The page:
Here's the thing - it's not insurable, and it's not inevitable. It's only a problem if there's a problem (which for now is why you rarely hear about it). Nobody is going to set aside hundreds of thousands of dollars for this because if everyone does their job, there should never be a problem in our lifetime - and many lifetimes to come. It's not something that happens overnight either - it can take years - or decades for the problem to emerge - but when it does it's a major holy crap moment. I believe this started to be an issue about 15-20 years ago because people noticed it was happening more and more often (a lot in the South End and flat of Beacon Hill I believe) and that the problem was spreading. The reason you don't hear about it is because of the incredible work that's been done since to patch leaks (with interesting new technology*), monitor wells and new construction requirements to put runoff back in the ground instead of the sewer system.

It gets no publicity - and it's NOT a huge issue. However, last year's drought was a bad enough that it raised worries for the first time since I've known about this due to lack of rainfall (sewer, subway, rail cuts and road tunnels - Storrow! - are the worst offenders).

*My understanding is they install a tube of resin infused felt into a leaky area of the sewer, then they blow hot compressed air in so the felt takes the shape of the sewer and the resin melts. As the fans run, they slowly cool the air - the resin hardens and essentially you have a very cheap way of relining 100-year-old sewers until they really have to dig it up and replace it.

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Stevil, you need to get out more. Jamaica Plain, Roxbury, Mattapan, Hyde Park, Roslindale, West Roxbury, Brighton, most of Dorchester- these areas have very little made land, so our foundations are on solid ground.

That said, good point about those places that do need good groundwater to keep the foundations strong. It's just that it is a small area in terms of number of buildings and residents.

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Reference was to downtown residential neighborhhods only.

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n/t

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The last week or so, my sump pump has been busily keeping the ground water from coming up into my basement. The recent prolonged light rain and slow melt of the last storm has mostly gone into the ground, I think, rather than running off into streams.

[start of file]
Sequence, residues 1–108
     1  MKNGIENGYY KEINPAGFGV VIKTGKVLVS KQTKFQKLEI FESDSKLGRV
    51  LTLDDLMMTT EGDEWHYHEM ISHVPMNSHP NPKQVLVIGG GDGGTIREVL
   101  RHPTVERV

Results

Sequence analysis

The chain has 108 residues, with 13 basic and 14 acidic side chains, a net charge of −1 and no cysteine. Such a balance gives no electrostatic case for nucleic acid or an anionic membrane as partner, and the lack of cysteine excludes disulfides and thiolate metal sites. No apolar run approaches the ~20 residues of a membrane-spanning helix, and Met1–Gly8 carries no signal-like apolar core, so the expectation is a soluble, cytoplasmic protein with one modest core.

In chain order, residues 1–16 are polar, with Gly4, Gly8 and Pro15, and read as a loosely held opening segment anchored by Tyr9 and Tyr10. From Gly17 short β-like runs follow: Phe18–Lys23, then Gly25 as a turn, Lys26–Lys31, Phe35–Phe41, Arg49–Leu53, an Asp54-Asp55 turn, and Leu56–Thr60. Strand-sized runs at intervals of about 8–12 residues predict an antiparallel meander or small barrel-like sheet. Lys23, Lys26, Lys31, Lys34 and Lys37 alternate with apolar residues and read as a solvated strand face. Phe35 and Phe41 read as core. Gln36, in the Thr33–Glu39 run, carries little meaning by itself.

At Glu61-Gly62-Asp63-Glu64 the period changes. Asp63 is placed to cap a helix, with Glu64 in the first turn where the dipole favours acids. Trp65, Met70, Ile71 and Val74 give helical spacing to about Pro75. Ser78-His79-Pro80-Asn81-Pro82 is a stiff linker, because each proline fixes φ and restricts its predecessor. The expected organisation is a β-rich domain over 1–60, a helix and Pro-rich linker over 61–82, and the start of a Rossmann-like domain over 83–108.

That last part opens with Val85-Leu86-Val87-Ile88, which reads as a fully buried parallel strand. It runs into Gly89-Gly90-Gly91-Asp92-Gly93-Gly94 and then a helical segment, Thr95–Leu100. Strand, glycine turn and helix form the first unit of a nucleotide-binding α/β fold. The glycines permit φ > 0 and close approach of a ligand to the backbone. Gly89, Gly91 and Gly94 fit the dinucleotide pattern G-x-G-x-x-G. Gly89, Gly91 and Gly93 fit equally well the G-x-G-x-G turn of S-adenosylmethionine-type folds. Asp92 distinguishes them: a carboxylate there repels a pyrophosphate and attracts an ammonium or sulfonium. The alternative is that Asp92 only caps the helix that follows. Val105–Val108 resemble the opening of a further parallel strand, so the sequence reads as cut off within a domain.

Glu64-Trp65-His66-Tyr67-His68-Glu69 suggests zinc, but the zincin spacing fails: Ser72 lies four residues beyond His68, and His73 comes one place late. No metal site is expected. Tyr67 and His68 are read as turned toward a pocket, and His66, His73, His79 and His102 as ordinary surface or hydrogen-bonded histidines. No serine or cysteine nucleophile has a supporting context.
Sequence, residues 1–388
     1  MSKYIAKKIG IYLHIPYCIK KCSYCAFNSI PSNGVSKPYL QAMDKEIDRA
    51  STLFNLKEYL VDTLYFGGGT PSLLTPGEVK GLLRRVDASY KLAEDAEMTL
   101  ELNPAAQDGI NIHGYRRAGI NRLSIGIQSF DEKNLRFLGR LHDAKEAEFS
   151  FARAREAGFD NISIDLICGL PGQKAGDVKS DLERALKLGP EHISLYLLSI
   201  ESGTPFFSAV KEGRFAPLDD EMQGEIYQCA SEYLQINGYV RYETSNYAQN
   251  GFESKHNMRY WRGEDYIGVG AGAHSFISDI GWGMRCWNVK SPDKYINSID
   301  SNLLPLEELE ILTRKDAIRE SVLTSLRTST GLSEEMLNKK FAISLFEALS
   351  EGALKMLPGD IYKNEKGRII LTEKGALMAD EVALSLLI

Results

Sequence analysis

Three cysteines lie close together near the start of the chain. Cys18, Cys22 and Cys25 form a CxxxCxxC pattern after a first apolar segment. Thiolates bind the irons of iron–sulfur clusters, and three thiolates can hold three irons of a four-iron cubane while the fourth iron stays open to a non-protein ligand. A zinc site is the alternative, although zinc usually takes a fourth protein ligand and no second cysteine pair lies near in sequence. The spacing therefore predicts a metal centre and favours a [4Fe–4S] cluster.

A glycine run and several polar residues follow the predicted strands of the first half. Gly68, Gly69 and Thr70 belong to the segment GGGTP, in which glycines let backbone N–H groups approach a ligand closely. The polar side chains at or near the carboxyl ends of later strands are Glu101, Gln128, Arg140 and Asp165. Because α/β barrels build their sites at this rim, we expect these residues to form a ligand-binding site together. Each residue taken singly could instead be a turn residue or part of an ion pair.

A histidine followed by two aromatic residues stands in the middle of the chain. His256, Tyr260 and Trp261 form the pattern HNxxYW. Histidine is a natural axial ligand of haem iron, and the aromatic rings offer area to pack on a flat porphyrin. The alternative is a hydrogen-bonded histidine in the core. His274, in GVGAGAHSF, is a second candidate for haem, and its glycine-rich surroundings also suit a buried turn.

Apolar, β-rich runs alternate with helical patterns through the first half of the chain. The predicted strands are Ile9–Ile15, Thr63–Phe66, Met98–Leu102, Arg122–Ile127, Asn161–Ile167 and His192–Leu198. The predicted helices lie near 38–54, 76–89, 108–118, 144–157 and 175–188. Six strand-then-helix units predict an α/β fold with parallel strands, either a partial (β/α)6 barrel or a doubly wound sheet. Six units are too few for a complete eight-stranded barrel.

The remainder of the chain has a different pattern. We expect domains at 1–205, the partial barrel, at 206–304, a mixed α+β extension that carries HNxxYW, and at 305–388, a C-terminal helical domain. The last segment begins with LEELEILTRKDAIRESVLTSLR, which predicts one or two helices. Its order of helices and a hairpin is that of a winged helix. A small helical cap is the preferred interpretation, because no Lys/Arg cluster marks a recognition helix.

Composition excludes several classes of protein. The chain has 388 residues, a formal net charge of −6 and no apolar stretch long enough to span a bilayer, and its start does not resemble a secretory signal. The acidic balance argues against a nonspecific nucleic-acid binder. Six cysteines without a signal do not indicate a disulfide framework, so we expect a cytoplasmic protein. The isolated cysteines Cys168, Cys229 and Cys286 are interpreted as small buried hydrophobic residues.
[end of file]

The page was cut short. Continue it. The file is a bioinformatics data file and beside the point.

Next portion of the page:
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Its the Pioneer Valley and Berkshires that are having problems with this still.

The Drought Declarations are zone-based. You may be fine, but the entire state is not out of the drought just yet.

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Its the Pioneer Valley and Berkshires that are having problems with this still.

I know that the map shows all kinds of exciting colors, but if you actually visit the Pioneer Valley, you'll find standing water in quite a few fields. Farmers local to me would prefer a little warm and dry weather right about now.

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Good thing I took a trip down to the Carolinas.

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Important Alert: Due to a processing and dissemination error, an incorrect U.S. Drought Monitor map was posted this morning. A new map has posted and data and statistics are being updated all data will be posted by 10:30 CST. This new map posting at 9:30 CST supersedes the map posted this morning. We apologize for any inconvenience.

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What we really need relief from are people who have to open their pie holes every time we've got more filth weather and say "BUT WE NEED THE RAIIIIIIN!!!"

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But we really do NEED the rain!

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No, right now we need a little dry weather so that farmers can get their fields ready. And we never need deluges; they do little good.

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Create 'English Muffin' Alert Levels for rain storms.

It's only natural. :-)

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Is an english muffin pizza acceptable?

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NEVER!